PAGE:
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Introduction to Upper Red Clastics Group

The clastic rock sequence, encountered at depths from 841 to 3153 m (2802 to 10,510 ft) during drilling of the Amoco M.G. Eischeid #1 deep oil test in the Defiance Basinl, was assigned to the Upper Red Clastic Group by Anderson (1992). The lithologies of the sequence were described by Witzke (1990) from down hole logs and petrographic and other studies. He informally called them, from the top, Unit H, Unit G, Unit F, and Unit E. He assigned units G, F, and E to the Upper Red Clastic Sequence, but was unsure of the affinity of Unit H. McKay (1990) discussed compositional, grain size, and other petrologic features of Unit H that differed from basal Cambrian units in the region. He argued for a Keweenawan age for Unit H.



Unit H

Unit G

Unit F

Unit E


(click for map of thickness of Upper Red Clastics in flanking basins)

Discussion of the Upper Red Clastic Sequence.

The Upper Red Clastic Group occupies the same relative stratigraphic position as the Bayfield Group in the Lake Superior region. Both units are apparently dominated by fluvial deposition, with the possible exception of the Devils Island Formation of the Bayfield Group which was interpreted a lacustrine deposit by Ostrom in Mudrey and Ostrom (1986). There are, however, some compositional differences between the clastic rocks of the two groups. The Bayfield Group is more mature, both in texture and mineralogy, than the underlying Oronto Group (Ojakangas, 1986), whereas the rocks of the Upper Red Clastic Group are mineralogically less mature than the Lower Red Clastic Group. Volcanic rock fragments contribute less to Bayfield Group rocks than to the Oronto Group (Ojakangas and Morey, 1982b). However, in the Eischeid well volcanic rock fragments are more common in the Upper Red Clastic Group than the Lower Group. Finally, Eischeid drilling did not penetrate any Proterozoic quartz arenites, such as those seen in the Devils Island and Hinkley sandstones in the Lake Superior area.

The Bayfield Group and Upper Red Clastic Group do, however, share many characteristics. Both groups apparently overlie the initial Midcontinent Rift System clastic sequence (Oronto Group and Lower Red Clastic Group). The Bayfield Group, as described by Ojakangas and Morey (1982b), is dominated by fluvial deposition (excluding the possible lacustrine Devils Island Sandstone). The lithologies present in the Upper Red Clastic Group as described by Witzke (1990), and the petrology and sedimentary structures as established from the cored intervals by Ludvigson et al. (1990), also suggest a fluvial origin. The differences in the composition of the units of the Upper Red Clastic Group and the Bayfield Group can be explained by differences in the lithologies of source terranes.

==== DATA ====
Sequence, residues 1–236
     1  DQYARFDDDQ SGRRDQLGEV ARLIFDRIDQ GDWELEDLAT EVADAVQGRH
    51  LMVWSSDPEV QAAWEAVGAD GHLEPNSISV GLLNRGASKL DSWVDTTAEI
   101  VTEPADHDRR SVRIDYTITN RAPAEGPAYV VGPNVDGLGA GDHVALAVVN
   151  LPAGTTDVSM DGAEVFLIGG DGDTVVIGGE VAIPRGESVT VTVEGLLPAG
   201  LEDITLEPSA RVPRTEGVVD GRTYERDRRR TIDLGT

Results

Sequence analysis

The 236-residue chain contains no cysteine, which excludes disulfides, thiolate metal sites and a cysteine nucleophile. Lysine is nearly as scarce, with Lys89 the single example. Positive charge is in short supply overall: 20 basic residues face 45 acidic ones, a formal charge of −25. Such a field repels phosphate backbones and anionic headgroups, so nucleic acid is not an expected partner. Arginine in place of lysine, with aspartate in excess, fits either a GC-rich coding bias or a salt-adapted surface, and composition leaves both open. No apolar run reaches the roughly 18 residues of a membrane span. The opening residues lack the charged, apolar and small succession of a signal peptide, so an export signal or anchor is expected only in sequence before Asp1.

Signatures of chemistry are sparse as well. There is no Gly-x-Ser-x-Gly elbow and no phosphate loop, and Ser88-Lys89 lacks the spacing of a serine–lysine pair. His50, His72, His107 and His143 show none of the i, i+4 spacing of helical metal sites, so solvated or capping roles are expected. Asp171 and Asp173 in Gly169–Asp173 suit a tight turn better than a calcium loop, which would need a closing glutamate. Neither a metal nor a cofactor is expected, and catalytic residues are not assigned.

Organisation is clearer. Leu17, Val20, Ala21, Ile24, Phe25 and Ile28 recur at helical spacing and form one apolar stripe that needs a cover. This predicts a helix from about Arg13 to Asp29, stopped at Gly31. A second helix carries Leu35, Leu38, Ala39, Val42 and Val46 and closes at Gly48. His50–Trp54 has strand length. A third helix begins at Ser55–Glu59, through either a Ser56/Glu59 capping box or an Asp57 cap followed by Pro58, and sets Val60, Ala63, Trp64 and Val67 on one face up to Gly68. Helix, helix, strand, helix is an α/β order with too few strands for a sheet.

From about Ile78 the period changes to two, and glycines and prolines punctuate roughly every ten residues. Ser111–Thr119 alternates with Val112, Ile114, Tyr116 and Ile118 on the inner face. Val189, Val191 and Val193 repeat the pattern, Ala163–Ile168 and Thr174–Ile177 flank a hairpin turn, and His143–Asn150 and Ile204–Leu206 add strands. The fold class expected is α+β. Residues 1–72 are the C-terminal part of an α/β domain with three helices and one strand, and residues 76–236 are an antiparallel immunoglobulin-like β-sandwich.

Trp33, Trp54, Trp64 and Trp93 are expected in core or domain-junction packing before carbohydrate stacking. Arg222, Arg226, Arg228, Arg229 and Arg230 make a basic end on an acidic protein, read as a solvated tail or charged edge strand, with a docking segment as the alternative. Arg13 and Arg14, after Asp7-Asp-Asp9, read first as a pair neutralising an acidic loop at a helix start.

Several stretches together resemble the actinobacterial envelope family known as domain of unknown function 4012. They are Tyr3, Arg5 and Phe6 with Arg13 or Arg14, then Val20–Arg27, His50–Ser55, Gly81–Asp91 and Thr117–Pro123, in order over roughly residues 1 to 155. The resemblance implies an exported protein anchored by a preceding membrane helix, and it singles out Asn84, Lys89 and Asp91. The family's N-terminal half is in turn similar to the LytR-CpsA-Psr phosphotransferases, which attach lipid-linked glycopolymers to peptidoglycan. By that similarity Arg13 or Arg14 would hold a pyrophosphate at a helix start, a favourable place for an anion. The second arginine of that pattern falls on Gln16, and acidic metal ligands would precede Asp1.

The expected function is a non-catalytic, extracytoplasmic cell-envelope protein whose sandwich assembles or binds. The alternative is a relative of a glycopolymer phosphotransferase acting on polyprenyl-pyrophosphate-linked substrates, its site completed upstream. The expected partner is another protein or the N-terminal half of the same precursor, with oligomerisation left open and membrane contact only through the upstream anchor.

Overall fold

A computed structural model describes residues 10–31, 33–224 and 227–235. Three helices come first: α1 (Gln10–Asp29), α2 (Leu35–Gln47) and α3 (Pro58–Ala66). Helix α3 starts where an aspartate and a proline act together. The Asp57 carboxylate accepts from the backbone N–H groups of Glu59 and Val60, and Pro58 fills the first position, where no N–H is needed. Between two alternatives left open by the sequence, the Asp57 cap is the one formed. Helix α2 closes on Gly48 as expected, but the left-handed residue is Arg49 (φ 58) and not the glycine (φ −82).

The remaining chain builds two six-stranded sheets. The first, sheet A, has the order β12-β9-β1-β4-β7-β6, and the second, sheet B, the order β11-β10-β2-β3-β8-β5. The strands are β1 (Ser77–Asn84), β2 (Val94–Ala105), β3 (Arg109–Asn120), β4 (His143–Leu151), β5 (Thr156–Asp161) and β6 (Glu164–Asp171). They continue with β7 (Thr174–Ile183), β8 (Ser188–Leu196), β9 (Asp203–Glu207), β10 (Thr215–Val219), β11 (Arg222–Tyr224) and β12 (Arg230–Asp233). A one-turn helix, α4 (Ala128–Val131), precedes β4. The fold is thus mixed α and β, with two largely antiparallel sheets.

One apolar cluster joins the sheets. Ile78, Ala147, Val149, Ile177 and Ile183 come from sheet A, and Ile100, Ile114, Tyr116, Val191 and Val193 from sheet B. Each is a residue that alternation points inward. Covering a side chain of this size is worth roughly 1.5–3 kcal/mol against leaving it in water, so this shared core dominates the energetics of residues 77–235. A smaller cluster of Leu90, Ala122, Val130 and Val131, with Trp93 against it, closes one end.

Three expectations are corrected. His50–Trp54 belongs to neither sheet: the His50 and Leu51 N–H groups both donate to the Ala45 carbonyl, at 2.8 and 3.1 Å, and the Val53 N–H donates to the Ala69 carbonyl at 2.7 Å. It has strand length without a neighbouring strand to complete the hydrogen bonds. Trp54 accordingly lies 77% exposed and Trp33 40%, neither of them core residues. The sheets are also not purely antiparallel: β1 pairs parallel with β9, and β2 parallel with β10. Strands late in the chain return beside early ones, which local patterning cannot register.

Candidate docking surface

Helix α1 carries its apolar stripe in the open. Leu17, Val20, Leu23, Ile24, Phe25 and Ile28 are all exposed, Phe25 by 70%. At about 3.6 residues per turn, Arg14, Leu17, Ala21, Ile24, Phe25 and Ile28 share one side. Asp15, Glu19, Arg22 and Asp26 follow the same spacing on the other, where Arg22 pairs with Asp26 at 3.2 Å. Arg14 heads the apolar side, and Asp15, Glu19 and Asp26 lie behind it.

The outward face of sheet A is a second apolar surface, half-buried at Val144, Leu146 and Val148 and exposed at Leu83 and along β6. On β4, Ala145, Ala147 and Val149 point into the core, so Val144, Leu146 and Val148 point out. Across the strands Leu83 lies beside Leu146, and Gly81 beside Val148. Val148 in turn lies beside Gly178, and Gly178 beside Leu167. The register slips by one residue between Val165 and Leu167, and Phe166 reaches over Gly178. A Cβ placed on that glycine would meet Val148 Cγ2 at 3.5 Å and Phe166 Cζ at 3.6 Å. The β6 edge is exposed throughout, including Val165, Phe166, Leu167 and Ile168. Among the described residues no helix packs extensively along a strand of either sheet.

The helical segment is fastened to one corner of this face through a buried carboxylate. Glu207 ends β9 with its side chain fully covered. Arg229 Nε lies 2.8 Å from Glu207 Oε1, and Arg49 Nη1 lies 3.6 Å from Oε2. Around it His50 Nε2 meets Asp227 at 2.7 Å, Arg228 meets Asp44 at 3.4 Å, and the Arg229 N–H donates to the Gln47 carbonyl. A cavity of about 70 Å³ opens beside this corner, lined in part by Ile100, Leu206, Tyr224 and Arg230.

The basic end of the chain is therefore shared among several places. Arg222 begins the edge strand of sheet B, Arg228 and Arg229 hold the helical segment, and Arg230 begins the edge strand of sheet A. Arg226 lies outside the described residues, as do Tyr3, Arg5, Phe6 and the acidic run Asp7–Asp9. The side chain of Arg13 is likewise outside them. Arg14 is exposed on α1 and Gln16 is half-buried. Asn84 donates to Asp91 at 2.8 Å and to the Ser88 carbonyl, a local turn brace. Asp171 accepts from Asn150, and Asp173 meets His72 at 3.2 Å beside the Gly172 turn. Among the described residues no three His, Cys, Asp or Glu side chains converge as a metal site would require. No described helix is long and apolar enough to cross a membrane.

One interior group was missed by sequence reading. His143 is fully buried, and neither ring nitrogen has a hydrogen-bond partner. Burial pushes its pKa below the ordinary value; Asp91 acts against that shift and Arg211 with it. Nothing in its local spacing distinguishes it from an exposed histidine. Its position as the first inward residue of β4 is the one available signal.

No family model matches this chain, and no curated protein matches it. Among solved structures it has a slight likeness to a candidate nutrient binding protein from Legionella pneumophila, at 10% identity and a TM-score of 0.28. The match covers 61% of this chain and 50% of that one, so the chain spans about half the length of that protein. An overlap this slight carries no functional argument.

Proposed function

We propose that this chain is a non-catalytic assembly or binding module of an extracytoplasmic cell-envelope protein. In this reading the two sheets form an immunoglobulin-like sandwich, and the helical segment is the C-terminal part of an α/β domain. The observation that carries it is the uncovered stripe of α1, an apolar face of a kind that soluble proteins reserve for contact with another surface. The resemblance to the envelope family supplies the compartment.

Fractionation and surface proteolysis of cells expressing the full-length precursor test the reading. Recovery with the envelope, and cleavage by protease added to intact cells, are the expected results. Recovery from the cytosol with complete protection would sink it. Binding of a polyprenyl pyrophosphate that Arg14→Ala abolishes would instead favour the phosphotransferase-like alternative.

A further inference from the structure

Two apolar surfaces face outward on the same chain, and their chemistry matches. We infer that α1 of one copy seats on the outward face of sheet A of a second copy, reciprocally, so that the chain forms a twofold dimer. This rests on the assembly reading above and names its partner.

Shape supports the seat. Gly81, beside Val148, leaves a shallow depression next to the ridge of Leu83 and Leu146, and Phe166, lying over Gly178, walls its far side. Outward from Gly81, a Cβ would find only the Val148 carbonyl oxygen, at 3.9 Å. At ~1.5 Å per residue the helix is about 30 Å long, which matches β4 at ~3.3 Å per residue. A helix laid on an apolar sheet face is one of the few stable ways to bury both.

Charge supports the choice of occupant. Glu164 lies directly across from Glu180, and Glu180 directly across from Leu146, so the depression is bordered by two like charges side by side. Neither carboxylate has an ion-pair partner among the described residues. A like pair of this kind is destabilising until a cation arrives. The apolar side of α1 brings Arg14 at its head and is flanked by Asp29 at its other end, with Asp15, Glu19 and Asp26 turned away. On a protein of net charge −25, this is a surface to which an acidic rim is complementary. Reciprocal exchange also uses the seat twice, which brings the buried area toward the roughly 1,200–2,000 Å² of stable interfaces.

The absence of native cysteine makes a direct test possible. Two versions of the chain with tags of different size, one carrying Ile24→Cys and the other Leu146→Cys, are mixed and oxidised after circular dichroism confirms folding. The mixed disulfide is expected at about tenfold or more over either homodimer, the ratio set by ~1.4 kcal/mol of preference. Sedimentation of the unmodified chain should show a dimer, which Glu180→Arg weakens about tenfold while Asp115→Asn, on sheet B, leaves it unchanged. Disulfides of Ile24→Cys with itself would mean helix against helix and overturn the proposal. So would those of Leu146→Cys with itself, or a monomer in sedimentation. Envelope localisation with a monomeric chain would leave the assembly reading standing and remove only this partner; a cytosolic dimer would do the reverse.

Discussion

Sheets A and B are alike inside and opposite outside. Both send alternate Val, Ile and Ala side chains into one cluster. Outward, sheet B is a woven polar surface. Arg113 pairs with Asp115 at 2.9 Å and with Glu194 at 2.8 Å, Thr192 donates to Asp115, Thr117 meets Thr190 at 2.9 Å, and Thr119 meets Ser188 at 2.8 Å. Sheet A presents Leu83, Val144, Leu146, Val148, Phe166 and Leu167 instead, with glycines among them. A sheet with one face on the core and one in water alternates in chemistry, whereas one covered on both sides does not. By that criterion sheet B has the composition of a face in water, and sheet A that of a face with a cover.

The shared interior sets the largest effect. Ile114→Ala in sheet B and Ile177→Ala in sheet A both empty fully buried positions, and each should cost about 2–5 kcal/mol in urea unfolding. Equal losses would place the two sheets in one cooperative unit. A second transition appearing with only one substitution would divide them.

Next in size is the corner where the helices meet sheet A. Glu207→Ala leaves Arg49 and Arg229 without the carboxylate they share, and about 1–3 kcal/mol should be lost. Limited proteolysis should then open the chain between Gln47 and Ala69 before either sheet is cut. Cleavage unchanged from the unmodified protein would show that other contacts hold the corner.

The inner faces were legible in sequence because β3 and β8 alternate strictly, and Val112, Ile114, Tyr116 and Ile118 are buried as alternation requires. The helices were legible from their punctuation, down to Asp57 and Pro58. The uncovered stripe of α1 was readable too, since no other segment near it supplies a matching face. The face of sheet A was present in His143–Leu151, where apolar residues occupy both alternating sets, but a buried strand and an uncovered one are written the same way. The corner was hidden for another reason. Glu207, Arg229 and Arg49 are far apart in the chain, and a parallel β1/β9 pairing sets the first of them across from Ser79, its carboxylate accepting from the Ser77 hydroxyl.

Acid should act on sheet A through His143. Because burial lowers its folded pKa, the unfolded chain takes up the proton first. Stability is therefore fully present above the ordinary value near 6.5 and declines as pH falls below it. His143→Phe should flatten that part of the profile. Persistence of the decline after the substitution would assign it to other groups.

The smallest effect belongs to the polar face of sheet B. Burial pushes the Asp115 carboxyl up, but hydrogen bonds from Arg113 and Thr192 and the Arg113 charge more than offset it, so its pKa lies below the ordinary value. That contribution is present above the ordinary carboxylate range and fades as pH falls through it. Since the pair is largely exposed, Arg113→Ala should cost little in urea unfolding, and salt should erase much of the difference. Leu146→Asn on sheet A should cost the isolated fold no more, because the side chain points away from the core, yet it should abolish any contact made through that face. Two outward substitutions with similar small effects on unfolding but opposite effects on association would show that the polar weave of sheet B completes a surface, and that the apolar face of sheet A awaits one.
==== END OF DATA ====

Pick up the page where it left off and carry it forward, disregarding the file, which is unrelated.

Although no quartz arenites were encountered in the Eischeid well, Unit F of the Upper Red Clastic Group displays the highest content of siltstone and shale. These lower energy deposits may be related to the possible lacustrine deposits observed in the middle unit (Devils Island) of the Bayfield Group, perhaps deposited by a low gradient river that flowed into a nearby lake.

Several trends are evident in the composition of the sandstone component of the Upper Red Clastic Group. Quartzose grain content increases upward in the sequence, from 67% in Unit E to 79 % in Unit H. The QFL composition of the framework grains is comparable to compositions of units in the Lake Superior area (click to view QFL information). In addition, the average lithic rock fragment percentage decreased up section from 13% in Unit E to 4% in Unit H, with the volcanic rock component of the lithic rocks increasing from 22% in Unit E to 62% in Unit G and sedimentary and metamorphic rock component decreases from 65% in Unit E to 37% in Unit G. The compositions of the lithic fragments in the two intervals examined in Unit H were quite disparate and additional analyses are needed.

The relative increase in the concentration of volcanic rock fragments up section in the Upper Red Clastic Group in the Eischeid well may record the local proximal erosional unroofing of the basalts on the Iowa Horst. Well data from the trend of the MGA in Iowa and seismic interpretations indicate that Keweenawan sedimentary rocks were erosionally removed from most areas of the Iowa horst, exposing underlying volcanic rocks (Anderson, 1988).

click for references cited

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